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Maria Piscopo Posted: Aug 07, 2015 0 comments

Wildlife and nature photography is certainly a niche market but it turns out to be bigger than many think. According to our contributing photographers in this month’s column, photos of nature and wildlife can be sold for a broad range of uses, including stock, editorial, book publishing, interior design, fine art, and even assignment. Other important questions we ask our wildlife and nature photographers this month include what does it take to make your passion for these subjects a business? How do you market and promote your images?

Maria Piscopo Posted: Jul 07, 2015 0 comments

Since technologies of database management (direct mail) and Internet marketing (websites) have cut into the advertising agencies’ “lock” on buying media space as the only way to sell products and services, the industry has scrambled to reinvent itself. As a result, photographers have felt an impact on their advertising photography businesses.

Maria Piscopo Posted: May 15, 2015 1 comments

This is one of my favorite topics: photographers doing good works by donating photography services to charities and other nonprofit organizations. In this column, I’ll look at how to make a living while making a difference. For starters, donating your photography to a good cause will help you develop business skills. It will also give you access to people and places for portfolio development and allow you to meet an amazing network of new friends. Organizations you can donate your photography to range from local to global and cover a variety of issues from healthcare and education to shelter animals. Sincere thanks to our contributors for their work: Luke Copping, Tim Courtney, Cathy Greenblat, and Isaac Howard (websites at end of column).

Maria Piscopo Posted: Apr 21, 2015 0 comments

Today’s wedding photography business uses many different self-promotional tools ranging from traditional bridal shows to social media advertising. No one photographer has the “right” way to run a wedding business; each photographer’s targeted wedding clientele, their individual photography style and business plan will dictate how differently they market and find clients.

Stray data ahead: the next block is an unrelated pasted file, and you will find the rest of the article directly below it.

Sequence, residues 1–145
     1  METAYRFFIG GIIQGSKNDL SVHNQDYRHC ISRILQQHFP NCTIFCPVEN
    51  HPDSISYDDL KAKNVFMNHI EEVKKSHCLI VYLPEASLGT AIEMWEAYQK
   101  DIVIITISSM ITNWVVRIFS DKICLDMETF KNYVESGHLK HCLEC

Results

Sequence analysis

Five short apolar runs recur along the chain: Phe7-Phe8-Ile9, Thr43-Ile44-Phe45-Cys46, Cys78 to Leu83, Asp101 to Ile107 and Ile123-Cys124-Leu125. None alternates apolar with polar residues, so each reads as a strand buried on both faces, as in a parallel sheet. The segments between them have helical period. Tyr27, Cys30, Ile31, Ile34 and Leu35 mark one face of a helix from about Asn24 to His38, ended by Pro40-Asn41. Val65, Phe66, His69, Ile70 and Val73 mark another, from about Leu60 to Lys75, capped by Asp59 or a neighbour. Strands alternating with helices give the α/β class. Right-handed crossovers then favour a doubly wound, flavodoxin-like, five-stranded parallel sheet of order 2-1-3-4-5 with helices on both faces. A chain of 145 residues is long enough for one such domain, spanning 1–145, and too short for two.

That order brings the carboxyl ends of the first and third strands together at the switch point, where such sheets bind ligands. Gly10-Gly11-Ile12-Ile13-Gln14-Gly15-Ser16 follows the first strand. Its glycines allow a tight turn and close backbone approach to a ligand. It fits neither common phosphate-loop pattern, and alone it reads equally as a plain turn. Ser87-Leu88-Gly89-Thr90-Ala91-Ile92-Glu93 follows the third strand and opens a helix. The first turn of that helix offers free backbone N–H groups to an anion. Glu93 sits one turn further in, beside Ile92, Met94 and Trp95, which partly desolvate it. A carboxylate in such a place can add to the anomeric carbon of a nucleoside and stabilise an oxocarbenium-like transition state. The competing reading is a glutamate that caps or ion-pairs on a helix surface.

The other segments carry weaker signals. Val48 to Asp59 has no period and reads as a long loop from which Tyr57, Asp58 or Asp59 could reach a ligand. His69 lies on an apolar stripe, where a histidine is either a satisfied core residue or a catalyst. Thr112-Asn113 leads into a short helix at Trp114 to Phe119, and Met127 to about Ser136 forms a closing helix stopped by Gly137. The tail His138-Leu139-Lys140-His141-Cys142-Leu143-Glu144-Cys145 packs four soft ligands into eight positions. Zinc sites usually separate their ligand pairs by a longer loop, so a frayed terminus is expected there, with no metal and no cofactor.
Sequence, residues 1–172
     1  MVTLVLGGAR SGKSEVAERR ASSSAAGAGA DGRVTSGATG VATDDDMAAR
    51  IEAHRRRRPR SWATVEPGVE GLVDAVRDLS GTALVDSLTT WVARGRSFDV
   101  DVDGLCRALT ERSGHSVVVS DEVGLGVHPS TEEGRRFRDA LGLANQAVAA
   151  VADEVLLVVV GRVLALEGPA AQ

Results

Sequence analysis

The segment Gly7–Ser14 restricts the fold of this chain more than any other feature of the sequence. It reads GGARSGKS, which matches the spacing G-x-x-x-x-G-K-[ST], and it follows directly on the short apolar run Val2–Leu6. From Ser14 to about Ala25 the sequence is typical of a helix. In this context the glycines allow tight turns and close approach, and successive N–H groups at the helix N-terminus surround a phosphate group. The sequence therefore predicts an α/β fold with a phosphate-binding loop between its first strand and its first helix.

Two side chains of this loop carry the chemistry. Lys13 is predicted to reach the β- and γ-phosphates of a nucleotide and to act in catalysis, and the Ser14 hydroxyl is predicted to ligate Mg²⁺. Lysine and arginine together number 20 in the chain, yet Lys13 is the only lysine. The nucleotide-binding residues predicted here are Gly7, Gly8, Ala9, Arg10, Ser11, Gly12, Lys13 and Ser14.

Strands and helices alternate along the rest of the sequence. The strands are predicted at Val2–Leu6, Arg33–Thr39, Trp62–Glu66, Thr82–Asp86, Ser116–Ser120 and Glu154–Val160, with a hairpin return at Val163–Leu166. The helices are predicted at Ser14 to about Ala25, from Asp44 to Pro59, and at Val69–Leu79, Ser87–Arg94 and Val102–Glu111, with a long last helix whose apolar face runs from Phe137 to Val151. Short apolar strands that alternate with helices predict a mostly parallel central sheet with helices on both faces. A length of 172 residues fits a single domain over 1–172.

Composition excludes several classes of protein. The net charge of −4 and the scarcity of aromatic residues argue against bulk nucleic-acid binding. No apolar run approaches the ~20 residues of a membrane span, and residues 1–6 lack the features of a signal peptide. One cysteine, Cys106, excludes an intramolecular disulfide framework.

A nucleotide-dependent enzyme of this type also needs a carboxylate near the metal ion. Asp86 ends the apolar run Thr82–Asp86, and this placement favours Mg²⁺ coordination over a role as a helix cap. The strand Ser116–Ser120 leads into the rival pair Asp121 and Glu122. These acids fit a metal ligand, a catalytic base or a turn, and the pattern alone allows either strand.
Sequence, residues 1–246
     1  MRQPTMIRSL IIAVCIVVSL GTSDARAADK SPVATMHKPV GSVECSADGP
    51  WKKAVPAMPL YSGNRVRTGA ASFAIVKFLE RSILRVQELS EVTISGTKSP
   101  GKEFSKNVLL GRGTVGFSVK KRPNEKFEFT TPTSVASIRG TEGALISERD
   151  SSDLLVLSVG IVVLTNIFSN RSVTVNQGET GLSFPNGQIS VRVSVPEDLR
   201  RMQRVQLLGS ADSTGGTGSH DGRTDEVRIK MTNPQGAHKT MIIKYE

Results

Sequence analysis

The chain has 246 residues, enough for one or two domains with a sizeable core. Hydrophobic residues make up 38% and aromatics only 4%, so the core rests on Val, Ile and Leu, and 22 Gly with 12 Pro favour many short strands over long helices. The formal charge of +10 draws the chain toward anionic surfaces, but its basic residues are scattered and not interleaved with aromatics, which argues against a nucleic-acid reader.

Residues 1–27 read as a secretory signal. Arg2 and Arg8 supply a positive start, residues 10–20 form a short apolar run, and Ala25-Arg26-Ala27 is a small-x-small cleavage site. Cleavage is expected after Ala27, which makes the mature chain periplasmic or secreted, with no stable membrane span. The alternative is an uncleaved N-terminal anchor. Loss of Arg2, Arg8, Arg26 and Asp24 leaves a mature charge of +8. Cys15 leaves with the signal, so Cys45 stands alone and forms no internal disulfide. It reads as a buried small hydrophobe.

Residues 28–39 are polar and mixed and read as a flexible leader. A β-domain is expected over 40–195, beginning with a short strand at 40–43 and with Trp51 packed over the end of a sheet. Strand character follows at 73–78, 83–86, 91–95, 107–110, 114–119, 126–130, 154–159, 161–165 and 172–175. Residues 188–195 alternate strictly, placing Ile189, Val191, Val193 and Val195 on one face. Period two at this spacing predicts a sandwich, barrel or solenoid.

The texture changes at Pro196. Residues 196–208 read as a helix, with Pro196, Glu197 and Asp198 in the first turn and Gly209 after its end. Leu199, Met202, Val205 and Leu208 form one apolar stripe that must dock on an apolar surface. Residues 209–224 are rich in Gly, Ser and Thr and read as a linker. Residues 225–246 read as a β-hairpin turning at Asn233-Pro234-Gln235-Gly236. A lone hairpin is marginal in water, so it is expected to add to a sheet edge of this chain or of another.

Maria Piscopo Posted: Apr 07, 2015 0 comments

The photography of natural disasters and human tragedy—from earthquakes to suicide bombers—is an area of photojournalism filled with challenges. Photojournalists often face both physical and emotional obstacles but still need to keep a cool head and continue capturing the images. While their photos will tell the story of the event, photographers have their own personal stories to tell as well. The accounts told here are mostly about business but also touch on the heart of why someone takes on this area of photography and keeps going despite the emotional toll. We discuss issues of privacy and model releases, working at a disaster scene, what agencies to coordinate with, handling injury and trauma, and the pros and cons of pursuing this work.

Maria Piscopo Posted: Jan 20, 2015 0 comments

Photographers have always looked to the fine art field as a marketing outlet for their personal work but can you really make money from art sales? How do you establish yourself in the business? What are the best marketing tools for finding gallery representation and fine art clients? Is your work truly “fine art”? Certainly there will be many similarities to marketing consumer or commercial photography but the fine art world has some unique pitfalls and opportunities to watch for if you plan to expand into this field.

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Maria Piscopo Posted: Dec 16, 2014 0 comments
This column is not about what to charge, it’s about how to get paid what you’re worth as a photographer. Much has been said about the changing of the client/photographer relationship and most working pros agree that we are not in the same game anymore. Both as individuals and an industry, we need to try new and different techniques to take charge of what we charge.
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Maria Piscopo Posted: Nov 18, 2014 1 comments

Even with today’s “everyone with a camera is a photographer” syndrome, the event photography business is still ripe for making sales. With event photography, clients can’t use stock photos and shooting their own images often turns out to be below par, at best. It is a very specialized field of professional photography requiring both personal and business skills.

Maria Piscopo Posted: Sep 30, 2014 0 comments

Beyond learning how to handle cameras and photo equipment, working as a photo assistant will teach you many lessons that will go a long way toward helping you build a successful career. Skills you’d most likely garner include learning about project management, studio protocols, location procedures, dealing with clients, preproduction and postproduction work, and more. These are all essential business skills and can often be learned only “on the job.” Indeed, talk to many established pros today and you’ll find that’s how they got their start.

Maria Piscopo Posted: Aug 01, 2014 0 comments

Questions about the viability of travel photography as a way to make money are inevitable in my marketing workshops and classes. The allure is undeniable—it seems to be all about exotic places to visit and fascinating people to meet. While lots of photographers want to get into travel photography, it’s also one of the most competitive fields in freelance photography.

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